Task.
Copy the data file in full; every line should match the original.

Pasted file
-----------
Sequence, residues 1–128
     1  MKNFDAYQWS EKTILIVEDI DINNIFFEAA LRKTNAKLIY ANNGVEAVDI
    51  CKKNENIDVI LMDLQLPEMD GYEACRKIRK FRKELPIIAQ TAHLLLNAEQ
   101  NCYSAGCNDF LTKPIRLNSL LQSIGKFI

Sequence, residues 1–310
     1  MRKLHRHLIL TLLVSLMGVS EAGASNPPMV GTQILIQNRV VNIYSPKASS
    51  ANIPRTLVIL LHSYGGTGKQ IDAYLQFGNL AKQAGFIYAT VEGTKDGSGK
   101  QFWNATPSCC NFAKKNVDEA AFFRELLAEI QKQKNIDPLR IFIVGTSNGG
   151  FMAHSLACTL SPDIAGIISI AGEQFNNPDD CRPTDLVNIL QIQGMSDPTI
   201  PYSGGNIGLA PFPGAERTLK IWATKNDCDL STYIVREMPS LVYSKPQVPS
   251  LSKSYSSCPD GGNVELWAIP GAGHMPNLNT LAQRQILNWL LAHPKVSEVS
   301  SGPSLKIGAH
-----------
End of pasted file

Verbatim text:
Sequence, residues 1–128
     1  MKNFDAYQWS EKTILIVEDI DINNIFFEAA LRKTNAKLIY ANNGVEAVDI
    51  CKKNENIDVI LMDLQLPEMD GYEACRKIRK FRKELPIIAQ TAHLLLNAEQ
   101  NCYSAGCNDF LTKPIRLNSL LQSIGKFI

Sequence, residues 1–310
     1  MRKLHRHLIL TLLVSLMGVS EAGASNPPMV GTQILIQNRV VNIYSPKASS
    51  ANIPRTLVIL LHSYGGTGKQ IDAYLQFGNL AKQAGFIYAT VEGTKDGSGK
   101  QFWNATPSCC NFAKKNVDEA AFFRELLAEI QKQKNIDPLR IFIVGTSNGG
   151  FMAHSLACTL SPDIAGIISI AGEQFNNPDD CRPTDLVNIL QIQGMSDPTI
   201  PYSGGNIGLA PFPGAERTLK IWATKNDCDL STYIVREMPS LVYSKPQVPS
   251  LSKSYSSCPD GGNVELWAIP GAGHMPNLNT LAQRQILNWL LAHPKVSEVS
   301  SGPSLKIGAH